Richard Dagenhart, the professor working with the team, said students look at the town square with an eye toward getting “the town green going as a central point” for the community.
Students Nick Coffee and Canon Manley talked about how the bandstand could serve as a focal point on the square and camouflage the back of the fire station, which faces the mill.
“The whole idea is to solve the back condition. It’s important to pay attention to fronts and backs. The bandstand is going to be implemented to solve that problem,” Manley said.
“You can have gatherings of people. You can have performance events,” Coffee said. Manley said the bandstand could be used as a reception area or a conduit to the square from Moreland United Methodist Church when there is a wedding or other event.
“The square was a central piece and could be a central piece again. It is trying to be now, but we need to help it,” Moore said. The student’ ideas create “more of a green and more of a civic type of space,” Moore said.
Local resident Joyce Evans said people may want the playground to stay on the square. “A lot of people like to stay here in the park. They like to have their children close by,” she said.
Mary Ann Cauthen echoed those thought. She spoke of “several families that have family reunions in the summer” and how children play on the nearby playground in sight of parents visiting with relatives in the mill.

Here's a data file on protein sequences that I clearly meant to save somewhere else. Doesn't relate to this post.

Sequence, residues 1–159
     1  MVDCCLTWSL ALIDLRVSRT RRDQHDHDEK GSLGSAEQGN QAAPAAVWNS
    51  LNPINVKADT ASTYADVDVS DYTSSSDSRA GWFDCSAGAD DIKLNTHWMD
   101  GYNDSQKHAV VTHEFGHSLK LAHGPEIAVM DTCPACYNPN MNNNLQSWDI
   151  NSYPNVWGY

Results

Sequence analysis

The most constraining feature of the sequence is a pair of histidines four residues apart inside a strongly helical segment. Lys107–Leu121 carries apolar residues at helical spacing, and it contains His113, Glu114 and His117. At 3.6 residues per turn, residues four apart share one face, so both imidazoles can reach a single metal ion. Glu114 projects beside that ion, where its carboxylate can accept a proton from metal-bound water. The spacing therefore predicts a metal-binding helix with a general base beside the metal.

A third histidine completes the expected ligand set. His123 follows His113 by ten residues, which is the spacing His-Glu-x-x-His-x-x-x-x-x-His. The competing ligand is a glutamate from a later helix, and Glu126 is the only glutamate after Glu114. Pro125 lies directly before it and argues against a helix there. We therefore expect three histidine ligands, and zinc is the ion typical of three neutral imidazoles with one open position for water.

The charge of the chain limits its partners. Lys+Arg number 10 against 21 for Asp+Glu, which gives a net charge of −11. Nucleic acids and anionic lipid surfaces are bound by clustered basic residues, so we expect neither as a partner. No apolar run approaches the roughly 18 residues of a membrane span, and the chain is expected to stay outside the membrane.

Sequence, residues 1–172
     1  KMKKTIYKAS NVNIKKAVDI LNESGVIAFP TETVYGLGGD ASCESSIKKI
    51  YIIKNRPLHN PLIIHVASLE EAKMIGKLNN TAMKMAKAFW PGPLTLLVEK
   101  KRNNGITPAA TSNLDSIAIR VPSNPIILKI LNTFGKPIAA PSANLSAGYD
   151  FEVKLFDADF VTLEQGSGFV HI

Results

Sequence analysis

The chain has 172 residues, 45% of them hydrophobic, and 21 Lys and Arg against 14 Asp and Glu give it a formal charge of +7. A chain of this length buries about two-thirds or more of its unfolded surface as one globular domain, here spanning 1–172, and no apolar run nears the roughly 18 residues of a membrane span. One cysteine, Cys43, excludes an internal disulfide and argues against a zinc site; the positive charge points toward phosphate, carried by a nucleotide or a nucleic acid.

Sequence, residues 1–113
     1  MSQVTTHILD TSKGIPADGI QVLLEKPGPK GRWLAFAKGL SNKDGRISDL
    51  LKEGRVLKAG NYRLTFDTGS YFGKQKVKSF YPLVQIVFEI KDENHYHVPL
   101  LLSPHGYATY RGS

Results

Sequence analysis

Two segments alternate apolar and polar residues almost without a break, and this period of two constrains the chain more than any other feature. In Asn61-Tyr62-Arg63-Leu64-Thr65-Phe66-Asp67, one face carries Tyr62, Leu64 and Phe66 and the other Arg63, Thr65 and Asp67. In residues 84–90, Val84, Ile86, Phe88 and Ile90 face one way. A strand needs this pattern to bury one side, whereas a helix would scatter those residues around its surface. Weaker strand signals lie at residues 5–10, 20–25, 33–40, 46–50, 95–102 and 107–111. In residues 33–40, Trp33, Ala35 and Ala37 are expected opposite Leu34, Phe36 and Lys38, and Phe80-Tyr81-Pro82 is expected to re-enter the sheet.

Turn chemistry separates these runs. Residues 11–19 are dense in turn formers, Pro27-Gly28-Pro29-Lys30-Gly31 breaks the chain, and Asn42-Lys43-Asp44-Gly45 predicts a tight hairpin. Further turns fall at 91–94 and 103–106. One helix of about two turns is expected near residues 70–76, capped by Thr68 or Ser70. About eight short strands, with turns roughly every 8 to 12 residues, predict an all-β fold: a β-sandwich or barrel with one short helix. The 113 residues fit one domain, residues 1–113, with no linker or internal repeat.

Daniel Braswell said there should be some trees on the square to “keep kind of a rural feel.” Cauthen noted there were mimosa trees around the square years ago.
Braswell also addressed several design tactics that could be used to improve drainage on the square. Dagenhart said water from the Methodist church west is running into the square and noted “the streets are sloped toward the square.”
• Connecting various parts of Moreland, particularly the downtown area and the garden area. “That’s vehicle, pedestrian and bicycle connectivity,” Moore said.
Part of that process was addressing U.S. Highway 29. Students suggested planting trees along the highway and using a giant footprint shaped crosswalk symbol to slow traffic and give the area more of a sense of community.
Dagenhart said the highway does not have to be “just something that passes through” the center of Moreland.
Moore expanded on that idea. Currently, the highway “slashes through Moreland,” she said. Moore said the Blueprints plans make the highway “more a part of Moreland rather than a thing on its own that cuts through the community.”